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Original article
Myeloid cells in liver and bone marrow acquire a functionally distinct inflammatory phenotype during obesity-related steatohepatitis
  1. Oliver Krenkel1,
  2. Jana Hundertmark1,2,
  3. Ali T Abdallah3,
  4. Marlene Kohlhepp1,2,
  5. Tobias Puengel1,2,
  6. Tilmann Roth1,
  7. Diogo Philippini Pontual Branco4,
  8. Jana C Mossanen1,5,
  9. Tom Luedde6,
  10. Christian Trautwein6,
  11. Ivan G Costa7,
  12. Frank Tacke1,2
  1. 1 Department of Medicine III, RWTH-University Hospital Aachen, Aachen, Germany
  2. 2 Department of Hepatology/Gastroenterology, Charité University Medical Center, Berlin, Germany
  3. 3 IZKF Genomics Facility, University Hospital Aachen, Aachen, Germany
  4. 4 Institute of Computational Genomics, RWTH-University Hospital Aachen, Aachen, Germany
  5. 5 Department of Intensive and Intermediate Care, University Hospital Aachen, Aachen, Germany
  6. 6 Department of Medicine III, University Hospital Aachen, Aachen, Germany
  7. 7 Institute of Computational Genomics, University Hospital Aachen, Aachen, Germany
  1. Correspondence to Professor Frank Tacke, Department of Hepatology/Gastroenterology, Charité Universitätsmedizin Berlin, Augustenburger Platz 1, 13353 Berlin, Germany ; frank.tacke{at}gmx.net

Abstract

Objective Bone marrow-derived myeloid cells accumulate in the liver as monocytes and macrophages during the progression of obesity-related non-alcoholic fatty liver disease (NAFLD) to steatohepatitis (NASH). Myeloid cells comprise heterogeneous subsets, and dietary overnutrition may affect macrophages in the liver and bone marrow. We therefore aimed at characterising in depth the functional adaptations of myeloid cells in fatty liver.

Design We employed single-cell RNA sequencing to comprehensively assess the heterogeneity of myeloid cells in the liver and bone marrow during NAFLD, by analysing C57BL/6 mice fed with a high-fat, high-sugar, high-cholesterol ‘Western diet’ for 16 weeks. We also characterised NAFLD-driven functional adaptations of macrophages in vitro and their functional relevance during steatohepatitis in vivo.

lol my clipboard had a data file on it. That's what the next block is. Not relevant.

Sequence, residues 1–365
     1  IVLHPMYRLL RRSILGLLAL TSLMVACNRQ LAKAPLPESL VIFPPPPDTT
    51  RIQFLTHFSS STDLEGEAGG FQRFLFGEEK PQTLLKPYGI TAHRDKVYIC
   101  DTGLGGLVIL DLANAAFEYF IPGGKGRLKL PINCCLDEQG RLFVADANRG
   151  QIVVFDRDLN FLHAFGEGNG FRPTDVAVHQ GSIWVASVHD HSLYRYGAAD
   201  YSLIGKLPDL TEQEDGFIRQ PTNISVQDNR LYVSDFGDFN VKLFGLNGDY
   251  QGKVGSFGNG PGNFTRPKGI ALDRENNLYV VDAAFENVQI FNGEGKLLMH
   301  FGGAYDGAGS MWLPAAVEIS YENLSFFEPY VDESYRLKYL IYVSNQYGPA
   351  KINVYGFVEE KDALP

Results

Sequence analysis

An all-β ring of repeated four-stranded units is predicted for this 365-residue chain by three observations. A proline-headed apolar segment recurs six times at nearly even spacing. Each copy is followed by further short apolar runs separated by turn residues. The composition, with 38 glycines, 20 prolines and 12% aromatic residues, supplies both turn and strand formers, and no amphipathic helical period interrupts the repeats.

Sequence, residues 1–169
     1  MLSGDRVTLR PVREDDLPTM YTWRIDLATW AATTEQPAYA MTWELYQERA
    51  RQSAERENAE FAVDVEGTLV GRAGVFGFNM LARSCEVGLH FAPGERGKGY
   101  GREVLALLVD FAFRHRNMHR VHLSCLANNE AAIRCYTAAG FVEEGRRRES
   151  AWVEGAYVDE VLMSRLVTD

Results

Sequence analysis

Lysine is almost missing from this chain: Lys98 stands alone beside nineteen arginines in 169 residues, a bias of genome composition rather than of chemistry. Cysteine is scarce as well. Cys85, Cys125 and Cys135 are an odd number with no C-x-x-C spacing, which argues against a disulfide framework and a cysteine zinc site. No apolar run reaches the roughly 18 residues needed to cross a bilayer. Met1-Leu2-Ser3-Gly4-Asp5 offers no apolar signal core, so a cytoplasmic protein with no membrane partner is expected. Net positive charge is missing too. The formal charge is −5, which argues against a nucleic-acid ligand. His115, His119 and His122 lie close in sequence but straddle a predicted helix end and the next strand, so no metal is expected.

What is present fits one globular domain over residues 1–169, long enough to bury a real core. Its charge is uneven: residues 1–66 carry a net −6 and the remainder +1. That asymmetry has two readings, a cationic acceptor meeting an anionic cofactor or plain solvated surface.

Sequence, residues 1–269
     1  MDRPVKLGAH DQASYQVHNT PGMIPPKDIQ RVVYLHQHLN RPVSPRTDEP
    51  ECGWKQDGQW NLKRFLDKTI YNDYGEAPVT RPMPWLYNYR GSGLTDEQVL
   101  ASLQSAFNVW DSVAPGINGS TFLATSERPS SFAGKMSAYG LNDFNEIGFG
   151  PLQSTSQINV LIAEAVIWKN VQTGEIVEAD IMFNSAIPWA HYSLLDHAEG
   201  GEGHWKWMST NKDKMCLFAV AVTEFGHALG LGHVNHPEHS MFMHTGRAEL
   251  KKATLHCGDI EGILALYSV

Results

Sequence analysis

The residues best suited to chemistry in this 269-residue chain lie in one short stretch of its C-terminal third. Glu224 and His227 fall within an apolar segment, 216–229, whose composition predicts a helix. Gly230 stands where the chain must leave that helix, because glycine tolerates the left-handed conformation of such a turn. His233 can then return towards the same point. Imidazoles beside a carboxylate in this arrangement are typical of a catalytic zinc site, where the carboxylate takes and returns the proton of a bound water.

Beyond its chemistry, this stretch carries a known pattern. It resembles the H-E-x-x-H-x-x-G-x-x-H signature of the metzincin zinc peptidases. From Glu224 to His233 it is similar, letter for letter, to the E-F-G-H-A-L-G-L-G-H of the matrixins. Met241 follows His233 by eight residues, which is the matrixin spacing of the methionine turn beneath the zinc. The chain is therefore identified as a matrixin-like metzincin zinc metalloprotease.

Results Single-cell RNA sequencing identified distinct myeloid cell clusters in the liver and bone marrow. In both compartments, monocyte-derived populations were largely expanded in NASH-affected mice. Importantly, the liver myeloid compartment adapted a unique inflammatory phenotype during NAFLD progression, exemplarily characterised by downregulated inflammatory calprotectin (S100A8/A9) in macrophage and dendritic cell subsets. This distinctive gene signature was also found in their bone marrow precursors. The NASH myeloid phenotype was principally recapitulated by in vitro exposure of bone marrow-derived macrophages with fatty acids, depended on toll-like receptor 4 signalling and defined a characteristic response pattern to lipopolysaccharide stimulation. This imprinted and stable NASH myeloid immune phenotype functionally determined inflammatory responses following acute liver injury (acetaminophen poisoning) in vivo.

Conclusion Liver myeloid leucocytes and their bone marrow precursors adapt a common and functionally relevant inflammatory signature during NAFLD progression.

  • liver
  • macrophages
  • monocytes
  • NAFLD
  • fatty acids
  • inflammation

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Footnotes

  • Contributors FT guided the research. OK designed, performed and analysed the animal and single-cell RNA sequencing experiments. JH performed the in vitro studies. ATA, DPPB and IGC performed the RNA sequencing analysis. JCM, MK, TR, TP, TL and CT contributed to research design and/or conducted the experiments. FT and OK wrote the manuscript. All authors reviewed and approved the manuscript.

  • Funding This work was supported by the German Research Foundation (DFG; Ta434/5-1 and SFB/TRR57). The study sponsor had no role in the study design or in the collection, analysis and interpretation of data.

  • Competing interests Work in the lab of FT has received research funding from Allergan, Galapagos, Inventiva and Bristol Myers Squibb.

  • Ethics approval All in vivo experiments were performed under conditions approved by the appropriate institutional and governmental authorities according to German legal requirements.

  • Provenance and peer review Not commissioned; externally peer reviewed.

  • Patient consent for publication Not required.

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